First Woman Blue Angels Jet Demonstration Pilot Selected (Updated)

The iconic Navy aerobatic team has made history by selecting its first woman member of its core six-jet display cadre.

byHoward Altman|
Blue Angels
Blue Angel Hornets fly in formation to a show location. U.S. Navy photo by Mass Communication Specialist 2nd Class Andrew Johnson


For the first time in its 76-year history, the Navy’s Blue Angels will have a woman flying as part of its core six-ship jet demonstration team.

A woman pilot has been selected to join that team in this capacity for what will be a historic 2023 season, a source with direct knowledge of the situation confirms to The War Zone.

"She has been selected as the first female F/A-18 demonstration pilot," said the source, who spoke on the condition of anonymity to discuss the topic before the Navy releases the information publicly.

The War Zone is aware of the identity of the pilot, but we are holding off naming her pending the official announcement.

UPDATE: Lt. Amanda "Stalin" Lee has been officially named as selected for 2023 season demo pilot by the Blue Angles, you can read all about her in our new post here.

The Blue Angels diamond break. (Navy/Blue Angels)

In a statement to The War Zone, Lt. Chelsea M. Dietlin, the Blue Angels spokesperson, did not deny a woman had been selected as a jet demo pilot for the team, but noted: "Women have been flying the Super Hornet in the Navy for over 30 years. The Blue Angels do not currently have a female F/A-18 pilot. You can find our current roster of team members at www.BlueAngels.Navy.Mil. We will be sure to send you the 2023 team member announcement when that is available. Thank you for your support and interest in the team!"

Officially known as the U.S. Navy Flight Demonstration Squadron, The Blue Angels were formed in 1946 at the behest of then-Chief of Naval Operations, Admiral Chester Nimitz, who “had a vision to create a flight exhibition team in order to raise the public's interest in naval aviation and boost Navy morale.”

The precision acrobatics started off with F6 Hellcats, F8 Bearcats and F9 Panthers and are now performed by F/A-18E/F Super Hornets, with the teaming converting from the F/A-18A/B/C/D Legacy Hornet in 2021.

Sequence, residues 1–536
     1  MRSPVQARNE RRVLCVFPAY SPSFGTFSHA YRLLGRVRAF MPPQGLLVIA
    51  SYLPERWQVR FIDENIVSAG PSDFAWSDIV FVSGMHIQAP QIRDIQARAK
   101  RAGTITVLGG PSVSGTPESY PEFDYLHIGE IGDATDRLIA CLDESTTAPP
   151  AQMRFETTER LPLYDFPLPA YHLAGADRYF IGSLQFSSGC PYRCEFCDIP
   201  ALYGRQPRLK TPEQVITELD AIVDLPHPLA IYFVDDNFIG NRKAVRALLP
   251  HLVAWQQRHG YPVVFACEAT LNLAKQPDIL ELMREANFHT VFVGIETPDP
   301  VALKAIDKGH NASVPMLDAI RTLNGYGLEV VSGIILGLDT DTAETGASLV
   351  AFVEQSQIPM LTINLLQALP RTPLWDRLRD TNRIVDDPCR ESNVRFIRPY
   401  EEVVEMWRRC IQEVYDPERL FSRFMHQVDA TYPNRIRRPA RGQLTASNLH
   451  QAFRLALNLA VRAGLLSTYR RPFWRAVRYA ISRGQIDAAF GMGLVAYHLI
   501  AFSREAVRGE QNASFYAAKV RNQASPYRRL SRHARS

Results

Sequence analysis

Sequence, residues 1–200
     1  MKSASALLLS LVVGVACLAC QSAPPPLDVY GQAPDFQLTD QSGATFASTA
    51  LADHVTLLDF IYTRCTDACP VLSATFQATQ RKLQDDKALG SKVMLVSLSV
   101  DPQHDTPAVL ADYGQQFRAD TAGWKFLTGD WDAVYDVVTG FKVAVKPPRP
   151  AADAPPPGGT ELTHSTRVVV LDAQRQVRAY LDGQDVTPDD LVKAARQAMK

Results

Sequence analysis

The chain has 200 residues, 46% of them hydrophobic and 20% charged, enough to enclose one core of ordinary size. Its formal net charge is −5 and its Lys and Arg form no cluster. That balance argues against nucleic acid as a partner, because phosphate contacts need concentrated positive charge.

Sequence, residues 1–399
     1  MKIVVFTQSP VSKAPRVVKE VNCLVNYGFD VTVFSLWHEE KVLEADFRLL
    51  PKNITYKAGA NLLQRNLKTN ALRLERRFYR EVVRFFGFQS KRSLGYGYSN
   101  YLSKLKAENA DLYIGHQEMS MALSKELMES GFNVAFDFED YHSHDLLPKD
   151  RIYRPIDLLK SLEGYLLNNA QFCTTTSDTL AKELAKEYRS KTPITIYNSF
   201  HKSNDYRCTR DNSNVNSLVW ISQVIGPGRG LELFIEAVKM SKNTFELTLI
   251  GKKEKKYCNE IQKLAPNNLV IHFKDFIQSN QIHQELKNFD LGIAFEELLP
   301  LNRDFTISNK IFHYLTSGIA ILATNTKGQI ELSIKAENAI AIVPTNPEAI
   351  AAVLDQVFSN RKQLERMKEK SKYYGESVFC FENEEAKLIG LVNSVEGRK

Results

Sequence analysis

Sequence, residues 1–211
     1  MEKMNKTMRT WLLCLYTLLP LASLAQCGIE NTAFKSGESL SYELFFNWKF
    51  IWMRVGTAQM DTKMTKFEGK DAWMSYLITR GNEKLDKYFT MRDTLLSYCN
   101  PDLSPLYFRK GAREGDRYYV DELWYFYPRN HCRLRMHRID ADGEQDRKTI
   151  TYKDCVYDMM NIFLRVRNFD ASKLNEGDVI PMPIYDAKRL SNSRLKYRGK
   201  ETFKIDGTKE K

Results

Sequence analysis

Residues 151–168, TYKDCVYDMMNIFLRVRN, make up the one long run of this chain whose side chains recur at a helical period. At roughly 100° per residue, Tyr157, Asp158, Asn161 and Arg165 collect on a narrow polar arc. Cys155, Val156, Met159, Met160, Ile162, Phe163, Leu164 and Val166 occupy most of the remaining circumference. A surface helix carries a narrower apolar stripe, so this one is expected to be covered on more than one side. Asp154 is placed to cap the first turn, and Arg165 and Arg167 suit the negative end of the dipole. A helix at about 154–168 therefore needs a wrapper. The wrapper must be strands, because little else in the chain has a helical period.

Word about the hiring of the first woman pilot began circulating Wednesday night after an audio clip and accompanying description were posted in the forums. Bill Bagley, a radio interceptor, picked up an in-flight conversation between two Blue Angels pilots as they were headed to an airshow in Ypsilanti, Michigan on Wednesday. 

“I know nobody knows that we've hired a female pilot, but like, by the time we hire a [public affairs officer] they're gonna know,” said one of the pilots. “So we're gonna get people who want the job because they see it as like a, you know, a bullet point on their resume for something that they did like the Public Affairs for the first female Angel…”

"We hired the woman," one of the pilots said. "We can handle what comes after that. Like, we don't need the full spool-up from the Navy and again, they're gonna blow it up regardless of what we say."

While this woman will be the team's first jet pilot flying as part of the core six-ship demonstration team, she is not the first woman pilot on the team to fly in any part of the demonstration, in general.

That distinction goes to Maj. Katie Higgins Cook.

Cook piloted its C-130 support aircraft as part of the 2015 and 2016 teams.

While this pilot will become the first woman to fly with the Navy Blue Angels six-ship demonstration team, she is not the first woman to fly with a U.S. military jet demonstration team.

In November 2005, then-Lt.Col. Nicole Malachowski was selected to fly as Thunderbird No. 3 with the U.S. Air Force Thunderbirds Air Demonstration Squadron, becoming the first woman to fly on any Defense Department military jet demonstration team.